He started 2007 even more determined and worked really hard. Foremost on his mind was cross country and, with the World Cross being held in Kenya, athletes had more motivation than usual. He won the junior race at the national championships, which were used as a dress rehearsal for the global event in February, but come trials a month later, he could not even make the top ten. Athletics Kenya, though, had been impressed with his run at the nationals and selected him as a wildcard.

At the World Cross on 24 March, Chepkok repaid AK’s faith in his ability by powering forward, leaving the likes of Leonard Patrick Komon and Mathew Kisorio trailing in his wake as he went on to win junior silver as well as team gold. Fresh from his success, Chepkok decided to follow his father’s wish by joining the Defence Forces. This meant an eight- month sabbatical from his beloved sport. Later that year Private Chepkok resumed light training.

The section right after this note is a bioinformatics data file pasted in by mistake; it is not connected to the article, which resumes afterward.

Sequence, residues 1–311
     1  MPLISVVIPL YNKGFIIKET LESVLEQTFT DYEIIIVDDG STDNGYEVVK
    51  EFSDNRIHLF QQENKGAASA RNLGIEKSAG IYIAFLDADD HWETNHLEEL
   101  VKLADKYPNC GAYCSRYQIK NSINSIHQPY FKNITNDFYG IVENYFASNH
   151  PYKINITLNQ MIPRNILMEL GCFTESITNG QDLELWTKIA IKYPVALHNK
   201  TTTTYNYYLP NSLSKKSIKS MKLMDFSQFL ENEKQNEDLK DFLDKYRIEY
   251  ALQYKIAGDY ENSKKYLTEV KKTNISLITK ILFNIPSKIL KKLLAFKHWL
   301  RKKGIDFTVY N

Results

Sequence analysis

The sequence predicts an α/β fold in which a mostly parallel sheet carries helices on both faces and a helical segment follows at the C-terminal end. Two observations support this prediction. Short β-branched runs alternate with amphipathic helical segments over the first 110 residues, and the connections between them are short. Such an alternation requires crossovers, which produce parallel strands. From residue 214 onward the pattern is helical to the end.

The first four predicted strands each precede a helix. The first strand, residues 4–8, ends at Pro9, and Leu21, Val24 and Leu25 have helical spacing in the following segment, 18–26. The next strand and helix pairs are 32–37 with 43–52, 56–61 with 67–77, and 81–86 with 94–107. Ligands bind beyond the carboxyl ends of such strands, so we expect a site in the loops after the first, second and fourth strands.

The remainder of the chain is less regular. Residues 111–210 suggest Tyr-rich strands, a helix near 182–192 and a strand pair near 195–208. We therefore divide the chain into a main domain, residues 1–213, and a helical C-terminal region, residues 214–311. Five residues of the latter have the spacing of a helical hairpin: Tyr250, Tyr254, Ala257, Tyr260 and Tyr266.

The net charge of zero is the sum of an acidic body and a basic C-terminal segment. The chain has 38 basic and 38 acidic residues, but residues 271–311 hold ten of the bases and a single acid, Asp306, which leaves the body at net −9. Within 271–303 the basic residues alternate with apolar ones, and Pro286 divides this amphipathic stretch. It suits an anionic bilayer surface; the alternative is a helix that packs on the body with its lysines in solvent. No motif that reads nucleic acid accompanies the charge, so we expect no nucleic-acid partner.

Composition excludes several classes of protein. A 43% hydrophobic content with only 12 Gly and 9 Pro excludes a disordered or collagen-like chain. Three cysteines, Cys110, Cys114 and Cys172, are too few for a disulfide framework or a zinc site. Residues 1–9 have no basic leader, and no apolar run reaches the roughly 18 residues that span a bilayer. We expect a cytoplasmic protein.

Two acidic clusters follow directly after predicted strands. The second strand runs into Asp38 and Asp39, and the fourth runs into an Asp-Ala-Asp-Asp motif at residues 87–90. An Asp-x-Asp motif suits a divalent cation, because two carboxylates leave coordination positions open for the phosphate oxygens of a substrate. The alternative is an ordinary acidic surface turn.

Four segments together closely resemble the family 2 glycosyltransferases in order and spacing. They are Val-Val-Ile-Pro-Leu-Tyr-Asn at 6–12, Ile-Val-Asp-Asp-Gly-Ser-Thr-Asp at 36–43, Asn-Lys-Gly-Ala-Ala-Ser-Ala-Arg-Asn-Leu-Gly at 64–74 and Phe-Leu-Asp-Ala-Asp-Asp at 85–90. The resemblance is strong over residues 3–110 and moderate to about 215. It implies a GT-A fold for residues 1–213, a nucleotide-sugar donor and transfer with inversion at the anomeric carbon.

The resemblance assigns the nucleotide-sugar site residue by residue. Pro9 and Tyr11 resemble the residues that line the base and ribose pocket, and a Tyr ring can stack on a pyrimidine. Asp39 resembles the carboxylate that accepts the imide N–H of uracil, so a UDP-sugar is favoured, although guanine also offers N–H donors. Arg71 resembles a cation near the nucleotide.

He turned his attention to the track, posting 13:33.4 for 5000m at the trials for the African Champions, held in Nairobi in April, but did not qualify, finishing fifth. In June, he improved his seasonal best to 13:22.96 in Kassel, Germany, and then to 13:06.41 in Heusden, Belgium, in July. His attempt for a place at 5,000 metres in the Kenyan team for the Beijing Olympic Games fell short with an eighth place finish (13:47.4) in the trials in Nairobi, at Nyayo National Stadium, on 4/5 July.
 
Chepkok responded to the setback by a seasonal best in 3000m (7:41.03) in Zagreb and ended his season at the Brussels Golden League meeting in September, placing seventh at 5000m (13:11.47)